Facing the ever-growing AIDS pandemic, Yale set out five years ago to create a center to coordinate and facilitate HIV research at home and abroad.

In the last month, this project, the Yale Center for Interdisciplinary Research on AIDS, or CIRA, received over $12 million in the form of two grants to further expand its efforts.

Originally created to provide a localized infrastructure for projects involving HIV/AIDS research at Yale, the center now serves as a headquarters for independently funded research projects in New Haven and around the world.

“The center provides a general sense of community where researchers can find other people doing the same research, as well as provide practical services and act as a centralized source of information,” said CIRA Associate Director Kim Blankenship, an associate research scientist in the Department of Epidemiology and Public Health at the Yale School of Medicine.

“Now people who were off in their offices alone, only collaborating with a few people, are now part of this larger community, which allows opportunities for interaction and to think about new ways of looking at research questions,” Blankenship said.

As a testament to the center’s collaborative nature, six different Yale graduate and professional schools have faculty members participating in the CIRA, including the Medical School, the Department of Epidemiology and Public Health, the School of Management, the Graduate School, the Law School and the Nursing School.

The National Institute of Mental Health granted the CIRA $10.7 million in December to expand its infrastructure. The center also received a $1.5 million grant in January from the Fogarty International Center to establish a collaborative HIV research project with the University of Pretoria in South Africa.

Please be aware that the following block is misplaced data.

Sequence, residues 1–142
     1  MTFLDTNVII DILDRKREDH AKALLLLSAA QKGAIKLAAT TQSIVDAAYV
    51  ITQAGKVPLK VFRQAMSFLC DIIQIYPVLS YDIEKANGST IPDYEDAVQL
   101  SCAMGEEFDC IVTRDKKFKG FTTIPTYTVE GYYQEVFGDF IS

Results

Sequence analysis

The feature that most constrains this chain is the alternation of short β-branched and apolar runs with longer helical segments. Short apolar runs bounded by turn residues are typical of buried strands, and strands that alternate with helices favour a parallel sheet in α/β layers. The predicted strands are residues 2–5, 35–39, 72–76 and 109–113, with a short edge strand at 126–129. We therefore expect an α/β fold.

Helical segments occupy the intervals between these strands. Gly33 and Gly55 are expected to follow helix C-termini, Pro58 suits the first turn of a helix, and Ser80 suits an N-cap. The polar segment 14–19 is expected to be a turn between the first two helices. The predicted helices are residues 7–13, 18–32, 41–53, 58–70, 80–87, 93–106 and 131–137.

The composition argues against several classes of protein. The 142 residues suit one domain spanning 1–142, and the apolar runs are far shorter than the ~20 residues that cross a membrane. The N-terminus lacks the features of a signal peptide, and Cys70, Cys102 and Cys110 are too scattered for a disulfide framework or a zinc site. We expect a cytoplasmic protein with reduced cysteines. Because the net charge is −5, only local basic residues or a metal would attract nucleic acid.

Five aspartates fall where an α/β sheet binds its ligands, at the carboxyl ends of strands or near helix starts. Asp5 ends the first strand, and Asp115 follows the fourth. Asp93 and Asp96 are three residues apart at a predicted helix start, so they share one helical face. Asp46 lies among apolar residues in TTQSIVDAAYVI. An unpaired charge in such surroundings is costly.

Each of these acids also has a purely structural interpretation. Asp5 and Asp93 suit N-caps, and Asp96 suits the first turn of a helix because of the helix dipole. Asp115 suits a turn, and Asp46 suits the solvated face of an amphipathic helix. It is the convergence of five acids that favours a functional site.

The Fogarty grant is especially pertinent to the global fight against AIDS because an estimated 4.7 million people, or one in four adults in South Africa, are currently infected with HIV/AIDS. That figure, higher than in any other country, is expected to double in the coming decade.

Since the center’s creation in 1997, it has managed to attract 66 different research and training projects within its walls, bringing the nascent center into the national research spotlight. In the same amount of time, 27 scientists have joined the center. The CIRA had more than 100 scholarly scientific articles being reviewed or in print by the year 2001.

By supporting local affiliated research partners like Hartford’s Institute for Community Research and the Hispanic Health Council, the National Institute of Mental Health award will lengthen the center’s reach into community-based organizations, ensuring that local AIDS concerns are addressed. The same grant will also fund several international research projects that currently in development to bolster research outside the United States.

One international university the center knows it will be working with is the University of Pretoria in South Africa, thanks to the independent Fogarty grant, entitled the International Clinical, Operational and Health Services Research and Training Award.

This grant, aimed at supporting research between U.S. institutions and those in developing countries, will allow faculty members to travel between the two universities to collaborate on newly developed research projects.

One such exchange will happen next month when Mary Crewe, who runs the Centre for the Study of AIDS at the University of Pretoria, will visit New Haven for a week. She will meet with researchers at Yale to develop potential projects for the two universities to undertake.

“The hope is that together, we can actually do something that will make an impact on the epidemic in terms of helping with clinical research and in prevention,” Blankenship said. “We see this as the beginning of a foundation that can be a long-term relationship, not just with Pretoria, but with many other institutions as well.”